The Body Scout by Lincoln Michel
Here’s what Publishers Weekly had to say about The Body Scout: “Michel’s brisk, entertaining debut weaves familiar cyberpunk tropes through a gritty, near-future world of corporate greed and pro baseball. As young boys growing up in the bleak underground warrens of a New York City partly submerged due to climate change, Kobo and his best friend, JJ Zunz, dreamed of playing ball in the big leagues. Kobo washed out of the now-defunct Cyber League and became a talent scout for the pros, though the sport is now controlled by Big Pharma, whose cutting-edge drug blends fuel the top players. Zunz, on the other hand, had the skills and luck to become a star hitter for the Monsanto Mets—until he drops dead on the field during a playoff game. Was it poison or a careless overdose? Kobo’s determined to find the truth, and his investigation plunges him deep into a web of corporate politics, intrigue, and cutthroat shenanigans. The plot moves fast and features well-wrought if expected worldbuilding details, including floating billboards, advanced drug and gene therapies, cybernetic rebuilds, obnoxious and über-wealthy CEOs, and ecological collapse. Readers won’t need to be baseball fans to enjoy this gripping ride.”
Lean Fall Stand by Jon McGregor
Here’s what Publishers Weekly had to say about Lean Fall Stand: “McGregor’s stunning latest (after Reservoir 13) explores the aftermath of a traumatic accident. Robert Wright has spent a good deal of his professional life as a technician at Station K in Antarctica with a team of geographic researchers. During a storm, Robert is separated from his crew and suffers a near-fatal injury. McGregor beautifully captures Robert’s ensuing struggle for survival through passages of fragmented stream of consciousness. After Robert’s wife, Anna, is informed he had a stroke, she flies to meet him in Chile, where he has been hospitalized. But the Robert she encounters is a very different man from the one she last saw: among other injuries, his stroke has severely affected the language center of his brain. As the survival story becomes one of recuperation, Anna, an academic who studies the effects of global warming, must care for her disabled spouse, and McGregor portrays the tribulations of speech therapy with as much drama and depth as the depictions of men fighting for their lives on an Antarctic ice floe. Readers will be drawn into Robert and Anna’s heartbreaking struggle, all rendered in McGregor’s crystalline language. This gorgeous work leaves an indelible mark.”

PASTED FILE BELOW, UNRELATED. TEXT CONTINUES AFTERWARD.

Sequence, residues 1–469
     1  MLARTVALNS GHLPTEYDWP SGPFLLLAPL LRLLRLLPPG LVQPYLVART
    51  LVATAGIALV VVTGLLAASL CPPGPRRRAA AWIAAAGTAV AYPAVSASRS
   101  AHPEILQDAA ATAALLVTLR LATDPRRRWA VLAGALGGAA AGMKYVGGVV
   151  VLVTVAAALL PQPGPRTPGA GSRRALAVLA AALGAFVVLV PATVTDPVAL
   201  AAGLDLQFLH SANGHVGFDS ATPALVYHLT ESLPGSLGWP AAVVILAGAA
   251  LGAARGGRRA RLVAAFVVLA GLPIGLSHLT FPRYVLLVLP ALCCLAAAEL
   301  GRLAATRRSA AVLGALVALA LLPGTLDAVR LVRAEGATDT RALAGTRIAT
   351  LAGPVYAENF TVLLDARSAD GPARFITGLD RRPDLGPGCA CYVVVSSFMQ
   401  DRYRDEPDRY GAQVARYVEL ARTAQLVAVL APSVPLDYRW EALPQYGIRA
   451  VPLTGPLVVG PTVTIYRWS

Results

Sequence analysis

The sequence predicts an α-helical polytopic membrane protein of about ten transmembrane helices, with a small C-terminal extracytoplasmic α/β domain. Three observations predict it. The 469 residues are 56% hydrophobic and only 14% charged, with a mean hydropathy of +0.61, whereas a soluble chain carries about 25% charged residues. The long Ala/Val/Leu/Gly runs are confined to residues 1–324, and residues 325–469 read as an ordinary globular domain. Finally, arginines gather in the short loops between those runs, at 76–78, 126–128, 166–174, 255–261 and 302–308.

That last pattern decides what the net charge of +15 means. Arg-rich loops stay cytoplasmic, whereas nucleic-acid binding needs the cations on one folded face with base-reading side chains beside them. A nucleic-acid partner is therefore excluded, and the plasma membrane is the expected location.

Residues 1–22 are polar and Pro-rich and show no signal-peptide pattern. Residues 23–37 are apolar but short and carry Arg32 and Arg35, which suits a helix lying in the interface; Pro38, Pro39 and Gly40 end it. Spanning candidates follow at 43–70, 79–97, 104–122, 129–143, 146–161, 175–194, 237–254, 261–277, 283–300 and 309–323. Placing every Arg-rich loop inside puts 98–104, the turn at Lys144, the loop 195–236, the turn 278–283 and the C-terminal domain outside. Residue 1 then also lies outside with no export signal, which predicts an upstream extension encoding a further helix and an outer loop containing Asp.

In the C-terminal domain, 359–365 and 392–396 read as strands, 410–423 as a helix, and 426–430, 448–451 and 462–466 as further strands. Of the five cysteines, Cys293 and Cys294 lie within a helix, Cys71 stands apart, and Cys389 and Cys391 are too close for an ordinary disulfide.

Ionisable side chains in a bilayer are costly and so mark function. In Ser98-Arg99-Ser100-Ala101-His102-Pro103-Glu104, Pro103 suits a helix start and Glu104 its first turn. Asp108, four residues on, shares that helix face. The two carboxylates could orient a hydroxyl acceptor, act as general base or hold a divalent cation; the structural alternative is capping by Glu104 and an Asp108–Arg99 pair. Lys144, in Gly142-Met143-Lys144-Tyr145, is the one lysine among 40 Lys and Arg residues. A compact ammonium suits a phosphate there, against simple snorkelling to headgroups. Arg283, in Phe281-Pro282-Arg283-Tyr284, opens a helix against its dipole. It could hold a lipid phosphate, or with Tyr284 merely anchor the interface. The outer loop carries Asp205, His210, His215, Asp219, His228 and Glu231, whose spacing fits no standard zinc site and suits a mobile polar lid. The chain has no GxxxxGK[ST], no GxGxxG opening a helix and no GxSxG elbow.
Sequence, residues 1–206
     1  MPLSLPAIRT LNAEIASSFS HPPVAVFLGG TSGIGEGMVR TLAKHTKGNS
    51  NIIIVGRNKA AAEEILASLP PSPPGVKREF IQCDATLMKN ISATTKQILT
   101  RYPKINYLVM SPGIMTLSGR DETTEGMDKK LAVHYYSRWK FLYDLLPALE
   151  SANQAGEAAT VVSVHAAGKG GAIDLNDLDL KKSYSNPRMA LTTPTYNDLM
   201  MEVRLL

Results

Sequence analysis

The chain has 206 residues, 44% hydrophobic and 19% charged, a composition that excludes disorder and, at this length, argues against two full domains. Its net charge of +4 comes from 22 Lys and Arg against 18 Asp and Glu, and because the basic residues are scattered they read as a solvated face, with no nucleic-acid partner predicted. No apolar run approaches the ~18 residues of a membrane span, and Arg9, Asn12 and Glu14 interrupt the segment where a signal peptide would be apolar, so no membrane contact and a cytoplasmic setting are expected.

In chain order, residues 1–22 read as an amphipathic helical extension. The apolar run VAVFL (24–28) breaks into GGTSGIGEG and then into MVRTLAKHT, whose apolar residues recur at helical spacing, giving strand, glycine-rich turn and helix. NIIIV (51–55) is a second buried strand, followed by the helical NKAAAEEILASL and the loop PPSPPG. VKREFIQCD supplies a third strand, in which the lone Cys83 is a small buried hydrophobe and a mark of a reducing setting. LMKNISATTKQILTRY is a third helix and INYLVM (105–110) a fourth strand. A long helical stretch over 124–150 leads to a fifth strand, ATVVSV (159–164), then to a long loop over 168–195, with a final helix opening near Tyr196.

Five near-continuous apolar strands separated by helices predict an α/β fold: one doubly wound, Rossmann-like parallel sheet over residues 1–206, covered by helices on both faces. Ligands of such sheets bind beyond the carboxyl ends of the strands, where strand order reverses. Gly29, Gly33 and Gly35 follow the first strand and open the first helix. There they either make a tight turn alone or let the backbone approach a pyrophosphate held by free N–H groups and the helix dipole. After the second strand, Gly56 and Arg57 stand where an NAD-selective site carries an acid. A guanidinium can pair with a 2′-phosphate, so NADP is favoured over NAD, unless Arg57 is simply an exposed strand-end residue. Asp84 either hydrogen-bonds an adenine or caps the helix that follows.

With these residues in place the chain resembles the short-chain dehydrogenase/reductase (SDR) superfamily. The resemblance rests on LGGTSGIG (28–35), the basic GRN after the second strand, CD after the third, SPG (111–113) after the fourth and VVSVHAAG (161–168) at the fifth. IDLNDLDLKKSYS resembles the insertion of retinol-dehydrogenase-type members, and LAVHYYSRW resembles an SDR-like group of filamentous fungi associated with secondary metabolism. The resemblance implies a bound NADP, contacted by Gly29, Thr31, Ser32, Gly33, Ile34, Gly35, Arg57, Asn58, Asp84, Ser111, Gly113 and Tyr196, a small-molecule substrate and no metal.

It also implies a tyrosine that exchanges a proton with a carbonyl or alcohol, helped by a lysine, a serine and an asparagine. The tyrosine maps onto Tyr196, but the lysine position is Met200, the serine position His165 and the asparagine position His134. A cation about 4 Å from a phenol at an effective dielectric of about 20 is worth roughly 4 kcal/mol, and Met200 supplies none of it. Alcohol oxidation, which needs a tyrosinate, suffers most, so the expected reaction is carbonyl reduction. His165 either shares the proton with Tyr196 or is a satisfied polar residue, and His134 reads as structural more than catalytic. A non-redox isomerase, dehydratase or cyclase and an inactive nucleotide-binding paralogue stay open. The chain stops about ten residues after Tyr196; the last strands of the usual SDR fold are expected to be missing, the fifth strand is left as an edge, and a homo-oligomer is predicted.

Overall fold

The Book of Form and Emptiness by Ruth Ozeki
Here’s what Publishers Weekly had to say about The Book of Form and Emptiness: “Zen Buddhist priest Ozeki’s illuminating postmodern latest (after the meditation memoir The Face: A Time Code) explores themes of mourning, madness, and the powers of the imagination. Benny Oh, a 13-year-old boy, begins hearing voices after his jazz musician father dies in a tragicomic accident involving a truck full of chickens. The voices launch Benny on a quest of self-discovery at the library, where he meets a slovenly poet-philosopher called ‘the Bottleman’ and his stunning, anarchic protégé, ‘the Aleph,’ a young woman obsessed with Borges and the Situationists. The duo cause Benny’s life to become more chaotic and yet more thrilling as they encourage him to embrace his inner madness. Meanwhile, Benny’s mother, Annabelle, whose job for a media-monitoring agency requires her to clip and catalogue print newspaper and magazine articles, and who now works from home, starts hoarding, and the house’s clutter becomes increasingly overwhelming. Sometimes this reads like a simple coming-of-age tale, but Ozeki playfully and successfully breaks the fourth wall—Benny, embarrassed by a passage about him being bullied, says to ‘the Book,’ ‘Can we just skip this, please?’—and she cultivates a striking blend of young adult fiction tropes with complex references to Walter Benjamin, Zen Buddhism, and Marxist philosophy. This is the rare work that will entertain teenagers, literary fiction readers, and academics alike.”